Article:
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China reports bird flu outbreak in Tibet, human death

by Staff Writers
Beijing (AFP) Feb 19, 2008
Chinese authorities on Tuesday reported a fresh bird flu outbreak among poultry in Tibet, a day after confirming a 22-year-old man in central China had died of the deadly virus.

The agriculture ministry said 132 poultry had died of the H5N1 strain of bird flu in a village outside the regional capital Lhasa and about 7,700 birds had been slaughtered to bring the outbreak under control.

It was the second outbreak of bird flu in the Himalayan region this year.

In January, about 1,000 birds died and 13,000 were slaughtered during an earlier outbreak in Gongga county, which lies about 50 kilometres (30 miles) south of Lhasa.

News of the latest outbreak, posted on the agriculture ministry's website, came shortly after Chinese authorities announced the country's 18th confirmed human bird flu fatality.

The health ministry late Monday confirmed that a 22-year-old man from Hunan province had died from the H5N1 strain.

The man, surnamed Li, developed a fever and headache on January 16 and was hospitalised on January 22. But his condition worsened and he died two days later, according to a statement posted on the health ministry's website.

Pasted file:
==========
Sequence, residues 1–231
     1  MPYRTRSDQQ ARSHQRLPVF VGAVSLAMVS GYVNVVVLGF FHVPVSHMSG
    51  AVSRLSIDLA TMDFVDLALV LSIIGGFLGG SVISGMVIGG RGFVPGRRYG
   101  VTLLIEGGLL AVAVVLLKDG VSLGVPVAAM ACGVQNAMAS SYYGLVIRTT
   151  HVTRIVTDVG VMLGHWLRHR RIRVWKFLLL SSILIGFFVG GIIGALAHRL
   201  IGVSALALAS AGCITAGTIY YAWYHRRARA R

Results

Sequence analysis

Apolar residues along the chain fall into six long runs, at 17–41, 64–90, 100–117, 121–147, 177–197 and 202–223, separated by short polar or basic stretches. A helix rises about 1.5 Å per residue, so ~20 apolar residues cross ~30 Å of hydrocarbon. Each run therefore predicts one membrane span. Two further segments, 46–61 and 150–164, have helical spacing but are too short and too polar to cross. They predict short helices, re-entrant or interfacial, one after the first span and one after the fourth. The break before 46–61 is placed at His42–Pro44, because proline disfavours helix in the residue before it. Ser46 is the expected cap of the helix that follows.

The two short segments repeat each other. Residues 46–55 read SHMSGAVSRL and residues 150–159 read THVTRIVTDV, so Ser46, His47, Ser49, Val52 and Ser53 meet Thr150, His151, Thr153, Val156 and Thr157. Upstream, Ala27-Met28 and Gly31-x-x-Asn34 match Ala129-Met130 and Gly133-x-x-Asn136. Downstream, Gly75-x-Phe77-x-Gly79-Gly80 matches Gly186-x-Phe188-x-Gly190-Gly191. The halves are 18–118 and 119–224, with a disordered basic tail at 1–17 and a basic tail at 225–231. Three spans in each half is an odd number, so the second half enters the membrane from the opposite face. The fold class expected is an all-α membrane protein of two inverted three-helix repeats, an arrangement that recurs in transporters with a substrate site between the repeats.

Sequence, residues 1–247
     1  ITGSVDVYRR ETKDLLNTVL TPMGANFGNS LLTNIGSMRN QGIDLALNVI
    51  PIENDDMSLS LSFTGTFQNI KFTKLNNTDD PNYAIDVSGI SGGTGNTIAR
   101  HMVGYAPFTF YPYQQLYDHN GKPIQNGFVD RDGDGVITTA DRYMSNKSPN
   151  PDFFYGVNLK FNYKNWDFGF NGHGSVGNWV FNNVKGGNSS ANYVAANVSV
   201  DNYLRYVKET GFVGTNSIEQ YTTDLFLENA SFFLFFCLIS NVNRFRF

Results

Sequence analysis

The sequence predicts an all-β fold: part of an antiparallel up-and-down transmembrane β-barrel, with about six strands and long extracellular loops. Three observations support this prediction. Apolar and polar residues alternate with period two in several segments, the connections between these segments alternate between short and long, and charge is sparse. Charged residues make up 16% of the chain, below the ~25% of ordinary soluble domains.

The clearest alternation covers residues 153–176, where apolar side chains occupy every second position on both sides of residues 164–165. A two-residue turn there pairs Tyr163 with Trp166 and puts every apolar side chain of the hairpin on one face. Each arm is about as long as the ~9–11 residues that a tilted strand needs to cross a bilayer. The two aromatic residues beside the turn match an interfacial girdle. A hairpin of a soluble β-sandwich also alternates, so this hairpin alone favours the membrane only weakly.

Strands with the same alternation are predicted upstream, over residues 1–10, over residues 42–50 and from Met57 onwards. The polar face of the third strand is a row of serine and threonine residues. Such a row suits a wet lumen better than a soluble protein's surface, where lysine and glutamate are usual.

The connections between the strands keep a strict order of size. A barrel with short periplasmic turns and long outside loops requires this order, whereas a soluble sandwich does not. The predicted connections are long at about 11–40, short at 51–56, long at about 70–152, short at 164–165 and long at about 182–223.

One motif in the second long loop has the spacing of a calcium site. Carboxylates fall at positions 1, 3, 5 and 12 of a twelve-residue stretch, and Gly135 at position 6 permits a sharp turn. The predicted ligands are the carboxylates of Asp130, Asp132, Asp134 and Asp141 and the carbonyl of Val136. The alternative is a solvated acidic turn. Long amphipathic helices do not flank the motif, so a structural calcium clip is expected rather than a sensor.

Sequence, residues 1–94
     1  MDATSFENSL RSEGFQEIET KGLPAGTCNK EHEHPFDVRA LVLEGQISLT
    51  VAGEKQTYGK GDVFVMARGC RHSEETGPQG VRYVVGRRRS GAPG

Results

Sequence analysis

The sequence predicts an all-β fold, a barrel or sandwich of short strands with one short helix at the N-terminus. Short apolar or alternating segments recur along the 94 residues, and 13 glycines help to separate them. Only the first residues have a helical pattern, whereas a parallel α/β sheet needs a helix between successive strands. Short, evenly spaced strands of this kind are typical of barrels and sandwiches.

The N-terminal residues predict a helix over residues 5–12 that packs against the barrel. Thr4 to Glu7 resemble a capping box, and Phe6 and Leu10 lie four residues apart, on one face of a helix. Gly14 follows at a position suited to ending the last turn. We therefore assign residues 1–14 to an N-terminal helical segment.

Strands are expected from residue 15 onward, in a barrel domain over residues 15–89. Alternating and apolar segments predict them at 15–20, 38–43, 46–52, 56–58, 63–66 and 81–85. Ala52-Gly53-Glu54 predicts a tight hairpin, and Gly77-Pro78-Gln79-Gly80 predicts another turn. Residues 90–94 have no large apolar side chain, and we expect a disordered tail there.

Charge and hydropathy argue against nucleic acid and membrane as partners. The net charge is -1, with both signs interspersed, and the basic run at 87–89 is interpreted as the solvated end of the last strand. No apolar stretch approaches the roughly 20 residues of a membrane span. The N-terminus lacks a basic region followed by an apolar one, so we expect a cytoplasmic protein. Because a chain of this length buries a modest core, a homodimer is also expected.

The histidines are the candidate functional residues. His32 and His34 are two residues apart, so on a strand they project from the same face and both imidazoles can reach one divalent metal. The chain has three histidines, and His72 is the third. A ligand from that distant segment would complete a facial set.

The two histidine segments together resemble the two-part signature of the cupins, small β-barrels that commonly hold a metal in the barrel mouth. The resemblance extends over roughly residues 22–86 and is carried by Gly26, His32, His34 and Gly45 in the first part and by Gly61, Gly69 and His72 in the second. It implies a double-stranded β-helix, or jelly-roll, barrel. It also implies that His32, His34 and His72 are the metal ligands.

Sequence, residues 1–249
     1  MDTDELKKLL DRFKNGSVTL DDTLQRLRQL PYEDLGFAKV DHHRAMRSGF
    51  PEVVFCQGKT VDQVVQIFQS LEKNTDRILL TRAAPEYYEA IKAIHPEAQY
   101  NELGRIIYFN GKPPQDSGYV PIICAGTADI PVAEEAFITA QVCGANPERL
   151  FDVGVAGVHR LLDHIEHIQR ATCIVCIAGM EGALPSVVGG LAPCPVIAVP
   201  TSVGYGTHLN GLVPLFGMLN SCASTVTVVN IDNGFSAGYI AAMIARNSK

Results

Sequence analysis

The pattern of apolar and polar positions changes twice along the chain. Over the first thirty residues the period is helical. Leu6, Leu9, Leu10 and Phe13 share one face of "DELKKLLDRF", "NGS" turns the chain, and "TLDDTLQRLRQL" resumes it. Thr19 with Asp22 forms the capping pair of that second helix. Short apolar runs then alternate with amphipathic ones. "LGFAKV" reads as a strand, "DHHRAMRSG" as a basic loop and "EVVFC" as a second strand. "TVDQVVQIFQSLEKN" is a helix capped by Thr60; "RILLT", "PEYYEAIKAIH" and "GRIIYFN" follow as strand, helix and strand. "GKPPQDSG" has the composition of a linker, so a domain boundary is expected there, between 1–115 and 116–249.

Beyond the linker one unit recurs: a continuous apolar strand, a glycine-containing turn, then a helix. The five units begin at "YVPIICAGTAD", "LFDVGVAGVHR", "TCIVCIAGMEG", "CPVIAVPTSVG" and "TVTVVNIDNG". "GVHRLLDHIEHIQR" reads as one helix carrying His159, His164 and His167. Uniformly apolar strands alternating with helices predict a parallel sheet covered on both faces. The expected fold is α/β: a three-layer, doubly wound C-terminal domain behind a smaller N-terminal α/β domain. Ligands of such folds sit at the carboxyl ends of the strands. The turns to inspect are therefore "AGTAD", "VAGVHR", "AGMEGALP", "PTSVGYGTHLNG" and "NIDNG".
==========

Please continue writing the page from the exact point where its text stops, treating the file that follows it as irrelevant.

China's Centre for Disease Control and Prevention said he had tested positive for the H5N1 strain. The ministry did not say how he might have contracted the disease.

The local government had put in place prevention and control measures and those who had close contact with Li were put under strict medical observation. So far, none had shown signs of the disease, the ministry said.

With the latest fatality, at least 18 people have been confirmed to have died of bird flu in China. Ten other patients recovered.

China's previous fatal case was a 24-year-old man in the eastern province of Jiangsu who died in December.

H5N1 has killed more than 200 people and ravaged poultry flocks worldwide since 2003, according to the World Health Organisation.

Scientists fear the virus will eventually mutate into a form that is much more easily transmissible between humans, triggering a global pandemic.

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